• Thursday 22 November 2018
  • Saturday 22 December 2018
  • Tuesday 25 December 2018
  • Monday 31 December 2018

Full Moon Party schedule for 2019 [11]

  • Monday 21 January 2019
  • Wednesday 20 February 2019
  • Wednesday 20 March 2019
  • Friday 19 April 2019
  • Sunday 19 May 2019
  • Monday 17 June 2019
  • Thursday 18 July 2019
  • Thursday 15 August 2019
  • Friday 13 September 2019
  • Monday 14 October 2019
  • Monday 11 November 2019
  • Wednesday 11 December 2019
  • Wednesday 25th December 2019 (Xmas)
  • Tuesday 31st December 2019 (New Year)

Safety issues[edit]

Although drugs are consumed by many partygoers, drug laws are strict and police enforcement is stepped up during the parties. There are undercover police on patrol and even the drug dealers themselves may report drug users to police.[12] In recent years, there has been an increasing number of assaults and robberies at the party and in bars in the surrounding area, leading the British government to officially warn tourists to exercise caution at the Full Moon Parties.[13] Break-ins at hotel bungalows while partygoers are away from their rooms sometimes occur as well. At the party there are lots of broken beer bottles and cigarettes. Every month many partygoers cut and/or burn their feet and legs at the Full Moon Party, which is preventable with appropriate footwear.[14]

On New Year's Eve 2012, British tourist Stephen Ashton was killed by a stray bullet.[15]

On New Year's Eve 2016, the crowd was showered in firework embers at midnight causing minor burns and stampede of panicked party goers.[citation needed]

In popular culture[edit]

The Full Moon Party has been featured in films such as The Beach, Last Stop for Paul, and the Thai film Hormones.[16] It was also featured in the first episode of the Comedy Central TV show Gerhard Reinke's Wanderlust. In 2011, the island's parties featured on Tourism and the Truth: Stacey Dooley Investigates, a documentary investigating the negative impacts of tourism on local people and the economy. It was featured in episode four of E4's comedy-drama series Gap Year.[17]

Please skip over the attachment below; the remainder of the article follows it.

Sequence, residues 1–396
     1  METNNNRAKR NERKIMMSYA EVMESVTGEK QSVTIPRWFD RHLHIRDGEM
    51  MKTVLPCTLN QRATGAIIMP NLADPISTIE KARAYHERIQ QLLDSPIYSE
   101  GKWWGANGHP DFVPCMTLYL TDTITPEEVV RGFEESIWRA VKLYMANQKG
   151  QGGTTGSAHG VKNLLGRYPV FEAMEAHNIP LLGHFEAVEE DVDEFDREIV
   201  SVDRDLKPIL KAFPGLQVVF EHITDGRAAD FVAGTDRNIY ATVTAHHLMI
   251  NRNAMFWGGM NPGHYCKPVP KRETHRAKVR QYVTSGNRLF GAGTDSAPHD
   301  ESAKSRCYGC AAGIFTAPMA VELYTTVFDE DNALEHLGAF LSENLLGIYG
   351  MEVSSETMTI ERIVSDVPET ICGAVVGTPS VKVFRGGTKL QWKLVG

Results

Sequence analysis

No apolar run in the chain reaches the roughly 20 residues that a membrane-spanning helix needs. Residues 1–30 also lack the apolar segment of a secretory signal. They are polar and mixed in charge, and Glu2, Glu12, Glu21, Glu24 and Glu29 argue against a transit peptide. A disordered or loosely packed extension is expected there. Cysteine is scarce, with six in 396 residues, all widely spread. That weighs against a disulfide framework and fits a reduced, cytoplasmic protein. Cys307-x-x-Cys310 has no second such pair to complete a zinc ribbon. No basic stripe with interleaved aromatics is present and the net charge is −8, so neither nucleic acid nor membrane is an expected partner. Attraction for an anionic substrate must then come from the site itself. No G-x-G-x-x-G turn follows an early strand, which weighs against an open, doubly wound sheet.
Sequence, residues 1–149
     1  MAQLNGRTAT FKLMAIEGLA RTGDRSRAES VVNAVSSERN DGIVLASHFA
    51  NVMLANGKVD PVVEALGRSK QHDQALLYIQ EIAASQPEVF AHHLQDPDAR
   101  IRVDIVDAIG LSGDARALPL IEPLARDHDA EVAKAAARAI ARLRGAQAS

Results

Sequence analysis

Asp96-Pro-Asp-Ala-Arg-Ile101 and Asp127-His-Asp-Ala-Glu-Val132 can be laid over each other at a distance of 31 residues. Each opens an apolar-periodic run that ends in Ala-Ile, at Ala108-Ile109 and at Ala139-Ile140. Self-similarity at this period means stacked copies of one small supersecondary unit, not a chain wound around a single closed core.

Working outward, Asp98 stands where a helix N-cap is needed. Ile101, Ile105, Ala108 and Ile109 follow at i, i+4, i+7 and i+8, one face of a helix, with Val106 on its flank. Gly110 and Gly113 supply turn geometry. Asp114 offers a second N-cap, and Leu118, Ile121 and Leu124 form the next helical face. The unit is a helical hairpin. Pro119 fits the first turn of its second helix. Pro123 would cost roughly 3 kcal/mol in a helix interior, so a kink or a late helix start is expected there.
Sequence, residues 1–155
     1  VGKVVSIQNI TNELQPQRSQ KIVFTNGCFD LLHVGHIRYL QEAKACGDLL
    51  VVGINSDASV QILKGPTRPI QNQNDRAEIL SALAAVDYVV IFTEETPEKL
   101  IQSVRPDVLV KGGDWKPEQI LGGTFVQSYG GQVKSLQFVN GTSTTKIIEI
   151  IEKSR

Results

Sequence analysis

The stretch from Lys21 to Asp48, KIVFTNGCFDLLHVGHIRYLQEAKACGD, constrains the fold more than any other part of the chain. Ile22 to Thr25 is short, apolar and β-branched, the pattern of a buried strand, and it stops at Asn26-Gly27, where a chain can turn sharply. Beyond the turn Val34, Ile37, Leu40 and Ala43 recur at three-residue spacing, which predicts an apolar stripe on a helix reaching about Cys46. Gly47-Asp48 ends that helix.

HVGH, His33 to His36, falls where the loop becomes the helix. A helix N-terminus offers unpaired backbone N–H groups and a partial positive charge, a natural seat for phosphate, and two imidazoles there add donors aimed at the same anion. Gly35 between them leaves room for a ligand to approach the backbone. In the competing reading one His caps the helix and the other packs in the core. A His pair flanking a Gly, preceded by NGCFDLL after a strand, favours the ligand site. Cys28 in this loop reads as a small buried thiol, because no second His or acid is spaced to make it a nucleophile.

See also[edit]


  1. ^ "Full Moon Party – How It Started". Retrieved 26 March 2015.
  2. ^ Hunwick, Robert Foyle (27 June 2014). "The Worst Party in Asia". Slate. Retrieved 16 January 2015.
  3. ^ Campbell, Charlie (8 July 2013). "Thailand's Full Moon Parties Have Become a Trashy Disgrace". Time. Retrieved 16 January 2015.
  4. ^ a b Sainsbury, Michael (1 November 2014). "Thailand's famous moon parties banned in drug and alcohol crackdown". news.com.au. Retrieved 16 January 2015.
  5. ^ "All parties except Full Moon party are banned on KohPha-ngan". ThaiPBS. 6 April 2015. Retrieved 6 April 2015.
  6. ^ "Tourist Authority of Thailand". Retrieved 26 March 2015.
  7. ^ "Koh Phangan". Amazing Thailand. Tourism Authority of Thailand (TAT). Archived from the original on 2 February 2015. Retrieved 16 January 2015.
  8. ^ "Full Moon Party". Retrieved 8 September 2017.
  9. ^ "Koh Phangan cancels October full-moon party". Bangkok Post. 29 September 2017. Retrieved 29 September 2017.
  10. ^ "Full Moon Party schedule for 2018". Retrieved 8 September 2017.
  11. ^ "Full Moon Party Dates 2019". Retrieved 24 May 2019.
  12. ^ "Drugs in Thailand – Don't Do It !". Phuket-fever.com. Archived from the original on 12 May 2012. Retrieved 9 January 2013.
  13. ^ "Thailand travel advice". Foreign & Commonwealth Office. Retrieved 9 January 2013.
  14. ^ Tips and tricks for the Full Moon Party Archived 2013-08-18 at the Wayback Machine
  15. ^ "British tourist Stephen Ashton shot dead in Thailand". BBC. 1 January 2013. Retrieved 9 January 2013.
  16. ^ Chaiworaporn, Anchalee (23 February 2008). "Japanese AV star Sora Aoi starring in Pidterm yai huajai wawoon". THAICINEMA.org. Retrieved 16 January 2015.
  17. ^ "Gap Year: Thailand - The Full Moon". IMDb. 14 April 2017. Retrieved 14 April 2017.

External links[edit]